Christopher Nolan’s Interstellar is surely going to be one of the biggest films of the year. It’s also literally one of the BIGGEST films of the year as he has yet again, as he’s done with his last several films, shot portions of it for the IMAX format of 70mm projection. But, with film itself being as scarce and expensive as it is, and more and more filmmakers making the switch to digital video photography, it seems a strange choice for such an innovative filmmaker. Well, not really actually. Though it may be more costly, for a filmmaker like Nolan, whose films routinely have huge budgets and do huge business, the cost is all right there on the screen.
The 70mm format is a very old one, dating back to the late-1890s and has been around ever since. Though most films were shot and projected on 35mm, there were still some epics, like South Pacific, Lawrence of Arabia, My Fair Lady, and The Sound of Music which were still shot and initially projected in the larger film stock, but later downgraded to 35 for subsequent screenings. You might still see a 70mm print of one of these huge color epics, but they are certainly more of a novelty outside of Los Angeles.
In actuality, the movie is shot on 65mm film stock and then blown up slightly to 70mm, or two frames of 35mm, for projection purposes, and has been that way for quite a long time. The upshot of this larger film stock is a much higher resolution and deeper colors than on regular 35mm. A much cleaner, crisper picture, as well as a fuller, un-letterboxed image is maintained with the bigger format. Anamorphic widescreen, the most epic of 35mm aspect ratios, is 2.35:1, but IMAX is 1.44:1. This is why IMAX, a form of 65mm filming and 70mm projection, in its true form is projected on such large screens. The screen is larger because the picture is larger but no less crystal clear; in fact moreso.
You can tell the difference in movies that aren’t shot entirely in IMAX. For example, The Dark Knight and The Dark Knight Rises which had 28 minutes and 60 minutes of footage, respectively shot in IMAX. You probably didn’t notice it too much in the theater, but definitely you will have on Blu-ray: the scenes shot for IMAX literally fill up your widescreen television and then appear letterboxed again when it goes back down to 35mm. Inception, interestingly, was shot partially in 65mm but not on IMAX film cameras, mostly due to ease of movement since IMAX cameras are frigging enormous.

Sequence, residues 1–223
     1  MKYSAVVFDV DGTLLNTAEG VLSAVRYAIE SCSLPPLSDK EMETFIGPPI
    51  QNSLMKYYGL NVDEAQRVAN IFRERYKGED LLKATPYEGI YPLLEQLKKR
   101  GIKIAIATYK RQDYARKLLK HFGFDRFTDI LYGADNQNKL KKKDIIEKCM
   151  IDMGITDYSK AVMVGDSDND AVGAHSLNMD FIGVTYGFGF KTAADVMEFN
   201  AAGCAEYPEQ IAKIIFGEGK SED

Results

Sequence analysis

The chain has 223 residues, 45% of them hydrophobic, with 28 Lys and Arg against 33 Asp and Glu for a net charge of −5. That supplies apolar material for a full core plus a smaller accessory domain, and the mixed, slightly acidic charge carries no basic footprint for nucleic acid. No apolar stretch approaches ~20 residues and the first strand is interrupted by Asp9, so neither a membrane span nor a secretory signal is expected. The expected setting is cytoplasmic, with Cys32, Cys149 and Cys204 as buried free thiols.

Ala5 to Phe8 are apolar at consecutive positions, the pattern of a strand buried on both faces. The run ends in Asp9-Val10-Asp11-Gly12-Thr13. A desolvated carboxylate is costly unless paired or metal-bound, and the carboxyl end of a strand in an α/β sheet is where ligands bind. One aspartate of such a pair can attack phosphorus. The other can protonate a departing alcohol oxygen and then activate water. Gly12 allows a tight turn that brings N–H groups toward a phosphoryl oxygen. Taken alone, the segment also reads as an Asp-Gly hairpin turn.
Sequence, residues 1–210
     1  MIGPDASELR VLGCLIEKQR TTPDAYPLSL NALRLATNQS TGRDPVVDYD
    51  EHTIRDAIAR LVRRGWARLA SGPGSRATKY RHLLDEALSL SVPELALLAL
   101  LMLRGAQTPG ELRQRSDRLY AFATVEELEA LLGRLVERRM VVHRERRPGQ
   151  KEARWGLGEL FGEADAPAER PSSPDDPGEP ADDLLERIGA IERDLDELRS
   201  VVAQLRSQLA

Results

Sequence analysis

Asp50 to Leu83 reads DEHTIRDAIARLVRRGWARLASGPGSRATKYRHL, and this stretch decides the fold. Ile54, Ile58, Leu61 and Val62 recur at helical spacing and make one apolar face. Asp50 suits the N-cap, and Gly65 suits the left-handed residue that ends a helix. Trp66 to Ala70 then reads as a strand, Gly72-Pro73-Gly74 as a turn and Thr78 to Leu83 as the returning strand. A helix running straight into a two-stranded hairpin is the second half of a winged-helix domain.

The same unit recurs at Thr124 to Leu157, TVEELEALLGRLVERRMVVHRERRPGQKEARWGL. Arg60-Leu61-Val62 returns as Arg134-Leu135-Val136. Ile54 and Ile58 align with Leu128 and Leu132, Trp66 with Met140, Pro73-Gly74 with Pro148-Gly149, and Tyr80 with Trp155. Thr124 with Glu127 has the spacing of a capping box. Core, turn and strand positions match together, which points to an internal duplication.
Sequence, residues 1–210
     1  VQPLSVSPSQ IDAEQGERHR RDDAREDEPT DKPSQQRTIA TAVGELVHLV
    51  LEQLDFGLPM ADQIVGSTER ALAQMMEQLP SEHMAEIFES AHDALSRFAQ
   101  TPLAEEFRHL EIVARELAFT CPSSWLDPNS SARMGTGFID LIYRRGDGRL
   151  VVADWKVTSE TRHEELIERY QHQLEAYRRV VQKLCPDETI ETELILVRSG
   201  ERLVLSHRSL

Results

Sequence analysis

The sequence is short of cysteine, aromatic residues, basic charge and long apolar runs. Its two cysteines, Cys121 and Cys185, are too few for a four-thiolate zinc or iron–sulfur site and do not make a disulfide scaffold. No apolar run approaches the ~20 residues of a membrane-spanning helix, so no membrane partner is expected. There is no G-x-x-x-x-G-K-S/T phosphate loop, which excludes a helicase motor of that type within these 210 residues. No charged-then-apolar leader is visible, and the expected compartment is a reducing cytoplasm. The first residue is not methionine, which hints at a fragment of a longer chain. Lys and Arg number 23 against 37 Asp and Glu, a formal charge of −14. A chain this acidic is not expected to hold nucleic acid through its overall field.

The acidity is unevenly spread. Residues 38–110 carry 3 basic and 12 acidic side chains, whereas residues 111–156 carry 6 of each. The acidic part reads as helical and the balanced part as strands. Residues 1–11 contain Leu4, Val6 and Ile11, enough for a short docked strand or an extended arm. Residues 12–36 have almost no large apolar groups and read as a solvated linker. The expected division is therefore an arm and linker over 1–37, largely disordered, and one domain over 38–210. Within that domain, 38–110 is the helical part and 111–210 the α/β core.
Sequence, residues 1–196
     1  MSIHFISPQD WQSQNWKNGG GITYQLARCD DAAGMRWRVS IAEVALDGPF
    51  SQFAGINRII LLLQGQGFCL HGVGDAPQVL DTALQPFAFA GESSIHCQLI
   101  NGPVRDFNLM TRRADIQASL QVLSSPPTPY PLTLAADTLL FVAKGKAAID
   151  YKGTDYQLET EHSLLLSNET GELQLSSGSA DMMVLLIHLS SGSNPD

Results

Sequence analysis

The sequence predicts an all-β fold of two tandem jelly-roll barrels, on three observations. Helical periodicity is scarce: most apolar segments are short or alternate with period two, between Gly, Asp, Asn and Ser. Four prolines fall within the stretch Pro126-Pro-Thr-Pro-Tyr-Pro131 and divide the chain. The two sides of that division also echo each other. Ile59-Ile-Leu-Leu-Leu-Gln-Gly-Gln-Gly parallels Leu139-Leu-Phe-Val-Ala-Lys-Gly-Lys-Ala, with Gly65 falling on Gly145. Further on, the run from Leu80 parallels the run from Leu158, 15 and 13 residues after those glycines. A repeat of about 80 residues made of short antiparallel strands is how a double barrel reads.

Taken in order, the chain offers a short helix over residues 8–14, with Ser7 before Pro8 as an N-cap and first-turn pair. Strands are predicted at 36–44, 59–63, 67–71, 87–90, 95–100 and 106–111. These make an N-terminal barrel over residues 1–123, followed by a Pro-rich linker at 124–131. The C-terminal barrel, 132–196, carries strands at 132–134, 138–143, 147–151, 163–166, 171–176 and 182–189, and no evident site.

In a time when 3D filmmaking seems to be, or at least attempted to be, the direction for huge action blockbusters and spectacle, filmmakers such as Nolan have doubled down on IMAX, insisting that the quality and engulfing nature of the image is enough and doesn’t need the added gimmickry of stereoscopy. Last year’s enormous hit Gravity employed 3D to almost universal acclaim, but Nolan has decided to stick with his 70mm for his own space adventure film. Which one will prove to be more effective? It’s sort of apples and oranges, really. Digital photography has proven to now look quite good and our eyes have gotten used to it not flickering quite the same way as film. However, there is still a richness and depth and texture to film photography that no amount of filtering can quite mimic digitally.
Nolan does seem to be more interested in playing with the medium of movies and not transitioning to movies that look like real life. There’s something, to my mind, much more dynamic and cinematic, to use a very overused word, about 70mm and though it’s much more difficult and cumbersome to have on set, the results are often much more impressive. If Interstellar succeeds the way the trailers make me think it will, it will hopefully allow big idea filmmakers to experiment more with this old but not dated method of making movies, and for people who like big and bold images, it’s a very exciting thing indeed.